“Flee from youthful lusts,” Paul warned Timothy (2 Tim. 2:22, NASB). For Bible-believing Christians eager to live rightly, this has long been a key verse. We know that we can grant such youthful lusts no quarter in our lives. So we put filters on our computers, find accountability partners, read books, set boundaries, warn our children, and guard our own hearts, minds, and bodies.
Except most Bible translations have moved away from that phrasing in this particular verse. “Flee the evil desires of youth,” says the New International Version. The English Standard Version goes with “youthful passions.” Because while Scripture gives overwhelming admonition to flee sexual immorality, Paul seems to be warning Timothy about something else here, another wrongly ordered love—a sin—that destroys.
Paul’s command about youthful lusts comes amid several related injunctions: “Warn [God’s people] before God against quarreling about words; it is of no value, and only ruins those who listen” (v. 14). “Avoid godless chatter, because those who indulge in it will become more and more ungodly” (v. 16). “Don’t have anything to do with foolish and stupid arguments, because you know they produce quarrels” (v. 23). It’s the desire to fight foolish error and join fruitless arguments, not lechery, that Paul is anxious about.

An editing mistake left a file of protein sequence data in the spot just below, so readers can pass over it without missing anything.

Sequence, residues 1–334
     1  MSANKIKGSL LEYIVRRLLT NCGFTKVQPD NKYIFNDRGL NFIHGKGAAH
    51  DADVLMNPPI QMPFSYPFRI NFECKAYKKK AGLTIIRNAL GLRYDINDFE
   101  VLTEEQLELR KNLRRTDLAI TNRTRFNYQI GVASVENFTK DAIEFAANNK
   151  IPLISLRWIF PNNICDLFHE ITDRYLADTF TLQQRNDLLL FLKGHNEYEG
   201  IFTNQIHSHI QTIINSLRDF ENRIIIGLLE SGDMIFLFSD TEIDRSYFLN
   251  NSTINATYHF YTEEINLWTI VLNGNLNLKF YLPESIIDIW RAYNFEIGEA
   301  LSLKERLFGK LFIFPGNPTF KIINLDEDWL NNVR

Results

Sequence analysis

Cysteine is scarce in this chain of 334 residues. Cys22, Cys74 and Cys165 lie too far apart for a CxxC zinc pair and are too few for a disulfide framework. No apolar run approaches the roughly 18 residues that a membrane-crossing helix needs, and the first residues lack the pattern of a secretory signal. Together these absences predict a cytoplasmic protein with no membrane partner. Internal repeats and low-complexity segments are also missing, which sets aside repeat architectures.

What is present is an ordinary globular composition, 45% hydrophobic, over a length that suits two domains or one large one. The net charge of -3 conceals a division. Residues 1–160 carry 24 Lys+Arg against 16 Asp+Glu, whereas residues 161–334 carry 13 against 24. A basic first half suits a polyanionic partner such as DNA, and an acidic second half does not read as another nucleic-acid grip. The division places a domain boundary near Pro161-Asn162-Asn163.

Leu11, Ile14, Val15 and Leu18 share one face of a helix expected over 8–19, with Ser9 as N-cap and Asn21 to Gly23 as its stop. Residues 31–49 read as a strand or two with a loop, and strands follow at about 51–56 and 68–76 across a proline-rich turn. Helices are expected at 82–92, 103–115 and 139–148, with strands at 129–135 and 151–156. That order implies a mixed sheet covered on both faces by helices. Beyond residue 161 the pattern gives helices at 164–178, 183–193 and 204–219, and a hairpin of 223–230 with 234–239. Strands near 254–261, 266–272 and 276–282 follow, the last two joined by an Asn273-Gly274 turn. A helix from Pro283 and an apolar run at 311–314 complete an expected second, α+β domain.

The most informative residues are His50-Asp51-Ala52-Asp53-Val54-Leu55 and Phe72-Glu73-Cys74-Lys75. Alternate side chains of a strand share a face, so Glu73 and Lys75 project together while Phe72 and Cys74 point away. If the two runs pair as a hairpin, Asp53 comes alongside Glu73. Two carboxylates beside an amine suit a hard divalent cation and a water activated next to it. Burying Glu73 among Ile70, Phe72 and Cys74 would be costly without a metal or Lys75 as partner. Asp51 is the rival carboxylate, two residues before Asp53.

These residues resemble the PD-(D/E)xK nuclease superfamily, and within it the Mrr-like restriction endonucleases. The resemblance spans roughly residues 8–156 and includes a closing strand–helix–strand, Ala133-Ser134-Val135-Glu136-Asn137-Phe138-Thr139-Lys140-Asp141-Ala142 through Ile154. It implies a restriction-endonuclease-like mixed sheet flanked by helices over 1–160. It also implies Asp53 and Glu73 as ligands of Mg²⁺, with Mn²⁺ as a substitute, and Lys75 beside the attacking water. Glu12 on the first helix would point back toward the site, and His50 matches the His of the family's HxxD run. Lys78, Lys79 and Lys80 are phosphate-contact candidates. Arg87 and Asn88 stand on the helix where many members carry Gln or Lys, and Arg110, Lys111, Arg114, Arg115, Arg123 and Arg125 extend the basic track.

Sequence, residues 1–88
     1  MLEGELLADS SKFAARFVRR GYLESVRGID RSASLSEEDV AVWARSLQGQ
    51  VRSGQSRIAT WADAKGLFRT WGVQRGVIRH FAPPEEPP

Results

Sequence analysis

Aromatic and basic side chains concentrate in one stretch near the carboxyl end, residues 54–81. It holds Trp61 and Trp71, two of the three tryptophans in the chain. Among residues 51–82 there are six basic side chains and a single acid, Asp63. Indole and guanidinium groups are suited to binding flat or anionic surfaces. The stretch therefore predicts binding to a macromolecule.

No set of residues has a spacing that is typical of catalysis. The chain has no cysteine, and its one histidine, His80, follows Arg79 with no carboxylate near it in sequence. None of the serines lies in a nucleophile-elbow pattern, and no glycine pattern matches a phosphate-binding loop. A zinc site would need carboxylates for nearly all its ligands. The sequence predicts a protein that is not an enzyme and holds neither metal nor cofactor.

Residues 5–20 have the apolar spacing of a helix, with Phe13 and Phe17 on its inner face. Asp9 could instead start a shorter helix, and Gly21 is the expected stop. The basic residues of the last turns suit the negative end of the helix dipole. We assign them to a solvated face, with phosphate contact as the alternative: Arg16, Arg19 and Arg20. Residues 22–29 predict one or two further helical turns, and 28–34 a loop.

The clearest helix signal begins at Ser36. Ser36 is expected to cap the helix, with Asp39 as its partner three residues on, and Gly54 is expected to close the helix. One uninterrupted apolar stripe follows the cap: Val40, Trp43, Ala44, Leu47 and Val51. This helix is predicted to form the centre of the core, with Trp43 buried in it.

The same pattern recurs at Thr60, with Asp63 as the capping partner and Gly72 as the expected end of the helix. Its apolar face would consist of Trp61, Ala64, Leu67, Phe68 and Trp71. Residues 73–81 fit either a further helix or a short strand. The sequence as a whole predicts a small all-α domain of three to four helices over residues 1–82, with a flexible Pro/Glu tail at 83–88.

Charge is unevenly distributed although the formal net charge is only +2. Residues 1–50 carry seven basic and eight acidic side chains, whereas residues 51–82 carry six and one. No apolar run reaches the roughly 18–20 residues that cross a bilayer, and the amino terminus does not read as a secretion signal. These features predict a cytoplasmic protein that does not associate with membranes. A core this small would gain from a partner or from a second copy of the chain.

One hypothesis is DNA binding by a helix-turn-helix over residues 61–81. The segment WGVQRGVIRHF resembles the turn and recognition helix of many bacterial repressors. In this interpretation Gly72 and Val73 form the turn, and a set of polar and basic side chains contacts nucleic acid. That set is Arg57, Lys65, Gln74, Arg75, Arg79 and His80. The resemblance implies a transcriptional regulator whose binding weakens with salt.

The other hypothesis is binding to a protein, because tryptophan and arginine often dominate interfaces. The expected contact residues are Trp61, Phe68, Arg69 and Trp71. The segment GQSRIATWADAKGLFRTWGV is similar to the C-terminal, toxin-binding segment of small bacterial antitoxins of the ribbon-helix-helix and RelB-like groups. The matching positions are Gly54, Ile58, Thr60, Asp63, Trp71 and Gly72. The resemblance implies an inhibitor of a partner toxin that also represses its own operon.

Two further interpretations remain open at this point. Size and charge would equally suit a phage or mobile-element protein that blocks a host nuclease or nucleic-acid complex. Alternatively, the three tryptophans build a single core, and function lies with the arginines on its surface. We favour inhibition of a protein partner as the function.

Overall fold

His counsel is clearly not just fatherly advice sent along to one hotheaded young pastor. Paul writes the same to Titus: “Avoid foolish controversies and genealogies and arguments and quarrels about the law, because these are unprofitable and useless. Warn a divisive person once, and then warn them a second time. After ...1